Well, someone beat me to it.

Four hours north of Los Angeles, Cat House on the Kings sits as a hidden oasis for hundreds of cats. While at first she may seem like a “cat lady,” this woman has given these animals an opportunity to have a life–a healthy, enjoyable life roaming the lands and climbing trees.

At the no-kill shelter, all the animals are adoptable. I’m not sure how she handles the costs, and time it takes to care for all these animals, but this is clearly a woman doing good. They take donations. Actually, they need donations to survive.  Here’s a video of this amazing shelter:


If they can get along, why can’t we?

I saw this video on YouTube a while ago, but it looks like CNN and other news sources have finally picked it up.

This guy is based in Santa Barbara, I think. A dog, a cat, a rat. If they can do it, shouldn’t we be able to?

My family had cats and dogs. I wouldn’t say they got along, but they coexisted, which is more than I can say for a lot of people I know.



News 21 – check it out.

It’s been a shameful while since I’ve blogged, but I have been living on a technological island (by choice) for the past few days, discussing our future fellowship at Harvard. The website for the project is up, so take a look. We’ll be writing about the campaign and related issues for the summer with reporters from Columbia, Harvard, UC Berkeley, and Northwestern. One of the best aspects is that because all of the reporters are relatively young and fresh, there should be some innovative ideas on the site, and underreported stories. So keep an eye on it.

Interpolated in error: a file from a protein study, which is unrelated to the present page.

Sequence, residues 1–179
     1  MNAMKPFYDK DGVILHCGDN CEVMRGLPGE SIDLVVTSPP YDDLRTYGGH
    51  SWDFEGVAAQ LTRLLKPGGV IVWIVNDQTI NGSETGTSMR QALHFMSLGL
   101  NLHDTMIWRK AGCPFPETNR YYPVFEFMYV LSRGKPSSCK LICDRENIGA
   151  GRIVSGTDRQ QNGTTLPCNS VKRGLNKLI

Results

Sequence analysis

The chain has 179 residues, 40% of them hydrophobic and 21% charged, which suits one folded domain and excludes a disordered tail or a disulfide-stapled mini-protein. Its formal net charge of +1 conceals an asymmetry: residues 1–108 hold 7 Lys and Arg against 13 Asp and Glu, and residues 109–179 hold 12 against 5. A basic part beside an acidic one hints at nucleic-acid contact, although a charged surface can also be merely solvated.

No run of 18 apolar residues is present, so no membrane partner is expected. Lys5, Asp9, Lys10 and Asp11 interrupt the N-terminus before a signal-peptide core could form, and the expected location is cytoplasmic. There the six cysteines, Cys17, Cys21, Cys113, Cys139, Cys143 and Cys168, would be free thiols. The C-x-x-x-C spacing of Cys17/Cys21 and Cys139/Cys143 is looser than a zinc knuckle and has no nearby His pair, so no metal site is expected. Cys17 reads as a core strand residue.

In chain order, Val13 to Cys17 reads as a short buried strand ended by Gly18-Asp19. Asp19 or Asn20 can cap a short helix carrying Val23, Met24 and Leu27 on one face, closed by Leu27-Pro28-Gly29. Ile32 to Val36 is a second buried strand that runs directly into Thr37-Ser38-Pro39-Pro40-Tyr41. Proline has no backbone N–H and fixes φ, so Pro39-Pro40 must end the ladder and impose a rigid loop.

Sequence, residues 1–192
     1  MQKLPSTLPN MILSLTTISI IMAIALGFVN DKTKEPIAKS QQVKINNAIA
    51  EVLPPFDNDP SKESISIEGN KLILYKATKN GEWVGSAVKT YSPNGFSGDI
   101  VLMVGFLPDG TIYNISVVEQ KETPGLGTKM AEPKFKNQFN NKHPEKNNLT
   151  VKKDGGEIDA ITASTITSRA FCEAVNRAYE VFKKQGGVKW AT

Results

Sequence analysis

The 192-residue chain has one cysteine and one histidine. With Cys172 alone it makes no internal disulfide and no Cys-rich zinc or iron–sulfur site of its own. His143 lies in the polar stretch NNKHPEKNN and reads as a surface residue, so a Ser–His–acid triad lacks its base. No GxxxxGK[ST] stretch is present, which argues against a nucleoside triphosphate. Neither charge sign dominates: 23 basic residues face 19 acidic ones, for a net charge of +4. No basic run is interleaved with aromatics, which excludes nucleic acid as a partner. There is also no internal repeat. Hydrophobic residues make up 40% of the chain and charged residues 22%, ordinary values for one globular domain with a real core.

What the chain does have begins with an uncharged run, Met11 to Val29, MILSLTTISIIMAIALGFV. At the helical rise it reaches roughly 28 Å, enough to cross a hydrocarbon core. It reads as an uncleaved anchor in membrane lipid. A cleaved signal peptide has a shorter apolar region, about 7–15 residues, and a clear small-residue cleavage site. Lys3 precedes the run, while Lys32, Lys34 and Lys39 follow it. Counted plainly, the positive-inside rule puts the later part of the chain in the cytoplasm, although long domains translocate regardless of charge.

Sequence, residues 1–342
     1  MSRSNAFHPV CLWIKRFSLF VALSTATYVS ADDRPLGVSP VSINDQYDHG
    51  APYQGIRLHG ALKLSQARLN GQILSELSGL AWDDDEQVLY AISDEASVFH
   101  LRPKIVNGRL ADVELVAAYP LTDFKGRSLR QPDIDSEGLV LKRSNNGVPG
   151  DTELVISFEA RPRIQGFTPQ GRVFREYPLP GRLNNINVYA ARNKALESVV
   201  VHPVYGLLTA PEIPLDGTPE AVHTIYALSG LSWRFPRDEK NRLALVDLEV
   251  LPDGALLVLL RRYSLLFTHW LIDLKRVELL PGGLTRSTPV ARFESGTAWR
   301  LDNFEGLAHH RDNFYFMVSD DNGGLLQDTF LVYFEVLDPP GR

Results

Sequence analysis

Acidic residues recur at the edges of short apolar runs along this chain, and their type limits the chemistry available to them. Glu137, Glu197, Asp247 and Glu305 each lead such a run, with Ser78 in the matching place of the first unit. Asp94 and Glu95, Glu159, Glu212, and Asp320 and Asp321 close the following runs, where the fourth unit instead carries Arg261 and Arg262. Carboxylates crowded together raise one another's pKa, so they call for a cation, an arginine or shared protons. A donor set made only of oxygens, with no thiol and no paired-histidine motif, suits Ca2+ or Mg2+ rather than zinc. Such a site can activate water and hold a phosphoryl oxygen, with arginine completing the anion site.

In other news, I came home to my orange cat, Kodak, who I got at the pound about a year ago. I’ve been thinking a lot lately about the Animal Shelters in Los Angeles.


It’s a big city, with lots of people who struggle. And yet, I’ve always had a soft spot for animals—the victims who can’t speak for themselves. I’m one of those people who cries for the animals that die in war movies. I’ve never made it through Homeward Bound.


Los Angeles’ record with animals is abysmal. In just the first quarter of 2008, 2,391 cats and dogs were euthanized, up 24 percent since last year.


This past February, Mayor Antonio Villaraigosa signed the Spay/Neuter Ordinance, a law that requires all pet owners to neuter or spay their pets. Any person who violates the law is subject to a $500 fine or 40 hours of community service. The law took affect in March.


While this would seem a respectable effort by the mayor, I doubt that those who really cause the problem—the backyard breeders, puppy mill pet shops, or owners who simply ignore the pet laws—will take this effort to heart. And really, how regulated can it be?


I doubt that all the blame can be put on the pet shelters. While several have been accused of cruel treatment of animals, they are overburdened and underfunded.


What’s worse is that this city is infested with lack-luster pet owners. So many pets are returned when they get old, and aren’t “cute” anymore. And getting an older pet readopted is often a near-impossibility. People have no dedication to their pets. They’ll throw them away as quickly as yesterday’s trash.


I know cats and dogs aren’t the most pressing issue out there right now. But the tragedy that faces these defenseless animals is still sad. Some never even get a chance. So, if you are considering adopting, please go to your local pound and relieve some stress for them and find yourself a best friend at the same time.